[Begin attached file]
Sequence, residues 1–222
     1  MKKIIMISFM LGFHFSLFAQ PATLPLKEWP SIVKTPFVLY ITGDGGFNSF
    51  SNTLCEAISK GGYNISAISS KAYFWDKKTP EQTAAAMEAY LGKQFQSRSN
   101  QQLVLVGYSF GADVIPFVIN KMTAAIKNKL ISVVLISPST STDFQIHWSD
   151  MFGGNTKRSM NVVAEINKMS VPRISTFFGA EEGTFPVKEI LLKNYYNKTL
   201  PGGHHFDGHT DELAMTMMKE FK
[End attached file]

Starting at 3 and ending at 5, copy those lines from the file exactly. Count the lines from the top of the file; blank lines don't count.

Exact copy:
    51  SNTLCEAISK GGYNISAISS KAYFWDKKTP EQTAAAMEAY LGKQFQSRSN
   101  QQLVLVGYSF GADVIPFVIN KMTAAIKNKL ISVVLISPST STDFQIHWSD
   151  MFGGNTKRSM NVVAEINKMS VPRISTFFGA EEGTFPVKEI LLKNYYNKTL